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Alimony; contempt. DeKalb Superior Court. Before Judge Peeler.
FRANKUM, Justice.
FRANKUM, Justice.
1. It being made to appear to this court by proper certificate of the clerk of the trial court that the judgment appealed from was not filed in his office until July 26, 1968, the notice of appeal filed on September 24, 1968, after a 30-day extension of time for its filing granted by the trial court, was timely filed.
This case involves an appeal from a judgment of DeKalb Superior Court holding the defendant in contempt for failure to comply with previous orders of the court requiring him to pay alimony and child support to the plaintiff. The plaintiff filed suit for a divorce against the defendant in DeKalb Superior Court on December 15, 1965. The defendant filed a timely answer and cross action, thus submitting himself to the jurisdiction of the court. On January 19, 1966, the court passed an order which, among its other provisions, fixed temporary alimony to be paid by the defendant for support of the plaintiff and the two minor children of the parties at $90 per week. Subsequently before any final decree was entered in the case the defendant removed to the State of Florida and filed suit for divorce there procuring service by publication on the plaintiff who made no appearance therein. On January 31, 1967, a final decree of divorce in favor of the defendant here was rendered by the Circuit Court in Florida, and on February 7, 1967, a final decree based upon a jury verdict was rendered in the Superior Court of DeKalb County granting a divorce to the plaintiff and a judgment for accrued alimony to the date thereof in the amount of $3,207.33 and awarding the plaintiff child support in the amount of $50 per week for each child. On November 22, 1967, the plaintiff filed an application for a rule for contempt against the defendant and for other relief in the Superior Court of DeKalb County. This application, as amended, after several continuances, came on for a final hearing before a judge of the DeKalb Superior Court on July 25, 1968, at which time the defendant was adjudged in contempt and in arrears in the amount of $7,832.33 under the aforesaid final order as of March 31, 1968. The appeal is from that judgment.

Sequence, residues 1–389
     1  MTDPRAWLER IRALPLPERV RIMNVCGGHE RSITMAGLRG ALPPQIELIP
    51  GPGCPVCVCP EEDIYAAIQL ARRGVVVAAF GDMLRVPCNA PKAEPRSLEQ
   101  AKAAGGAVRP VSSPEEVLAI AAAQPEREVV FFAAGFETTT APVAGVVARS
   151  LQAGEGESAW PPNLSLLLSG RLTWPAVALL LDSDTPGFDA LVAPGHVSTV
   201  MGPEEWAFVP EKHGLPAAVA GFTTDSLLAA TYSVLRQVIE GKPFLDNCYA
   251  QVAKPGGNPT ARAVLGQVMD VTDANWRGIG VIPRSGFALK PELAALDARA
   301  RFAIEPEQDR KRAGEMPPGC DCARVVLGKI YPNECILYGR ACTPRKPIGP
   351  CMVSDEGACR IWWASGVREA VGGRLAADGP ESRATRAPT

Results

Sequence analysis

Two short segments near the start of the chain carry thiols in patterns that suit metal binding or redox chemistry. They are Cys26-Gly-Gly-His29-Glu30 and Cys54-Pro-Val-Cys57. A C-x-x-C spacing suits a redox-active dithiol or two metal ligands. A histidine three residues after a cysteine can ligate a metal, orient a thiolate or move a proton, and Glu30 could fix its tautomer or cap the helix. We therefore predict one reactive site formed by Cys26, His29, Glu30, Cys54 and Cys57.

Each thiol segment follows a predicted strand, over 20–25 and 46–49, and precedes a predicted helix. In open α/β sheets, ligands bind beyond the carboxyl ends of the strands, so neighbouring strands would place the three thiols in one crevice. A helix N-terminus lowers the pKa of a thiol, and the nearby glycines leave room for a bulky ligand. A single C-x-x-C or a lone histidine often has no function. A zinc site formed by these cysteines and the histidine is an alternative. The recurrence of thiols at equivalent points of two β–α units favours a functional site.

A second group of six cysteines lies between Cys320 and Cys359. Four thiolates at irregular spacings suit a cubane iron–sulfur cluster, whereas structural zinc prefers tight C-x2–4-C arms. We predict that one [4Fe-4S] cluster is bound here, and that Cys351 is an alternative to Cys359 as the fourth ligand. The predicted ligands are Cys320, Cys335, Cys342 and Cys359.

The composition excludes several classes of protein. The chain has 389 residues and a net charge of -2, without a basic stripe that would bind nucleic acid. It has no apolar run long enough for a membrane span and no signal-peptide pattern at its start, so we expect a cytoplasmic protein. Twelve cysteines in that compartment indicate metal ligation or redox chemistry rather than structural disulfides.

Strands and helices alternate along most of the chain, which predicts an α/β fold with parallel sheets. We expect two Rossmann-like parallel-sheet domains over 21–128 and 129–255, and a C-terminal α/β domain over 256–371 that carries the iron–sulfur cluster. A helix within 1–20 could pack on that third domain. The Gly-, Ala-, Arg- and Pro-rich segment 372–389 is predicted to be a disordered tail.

1. The appellee has filed a motion to dismiss the appeal on the ground that the notice of appeal was not filed in due time. The judgment appealed from was rendered July 25, 1968. The clerk of the superior court in which the judgment was rendered has certified (the certificate being a part of the record) that the judgment was received in his office on July 26, 1968. "The filing with the clerk of a judgment, signed by the judge, constitutes the entry of such judgment within the meaning of" the Appellate Practice Act (Ga. L. 1965, pp. 18, 32; Code Ann. 6-903). On August 21, 1968, the trial judge extended the time within which the defendant (appellant) could file notice of appeal "to and including the 24th clay of September, 1968," which was within the time authorized by law. Ga. L. 1965, pp. 18 21, as amended (Code Ann. 6-803, 6-804). The notice of appeal was filed in the office of the clerk of the superior court on September 24, 1968, which was on the 60th clay after the judgment was entered according to the aforesaid certificate of the clerk of the court in which it was rendered and entered. Therefore, the notice of appeal, under the facts aforesaid and the law above cited, was filed in due time, but on the last day it could have been filed. It follows that the motion to dismiss the appeal must be and is denied.
2. The full faith and credit clause of the U. S. Constitution (Art. IV, Sec. 1; Code 1-401) requires the courts of this State to give effect to a divorce granted in a sister State when the same is properly proved in a proceeding in which it may be relevant in this State. The plaintiff, in her application, conceded the fact of the rendition of the Florida divorce decree and, it not being attacked in any way for lack of jurisdiction in the Florida court which rendered it, or for any other reason, its validity will be recognized by the Georgia courts. However, "full faith and credit under the Constitution of the United States does not demand that support and maintenance due the wife under an order of the courts of Georgia cease when a valid divorce is granted between the parties in another State. See in this connection Estin v. Estin, 334 U. S. 541 (68 SC 1213, 92 LE 1561). Therefore, we must look to the laws of Georgia to determine this question." Meeks v. Meeks, 209 Ga. 588, 591 (4) (74 SE2d 861).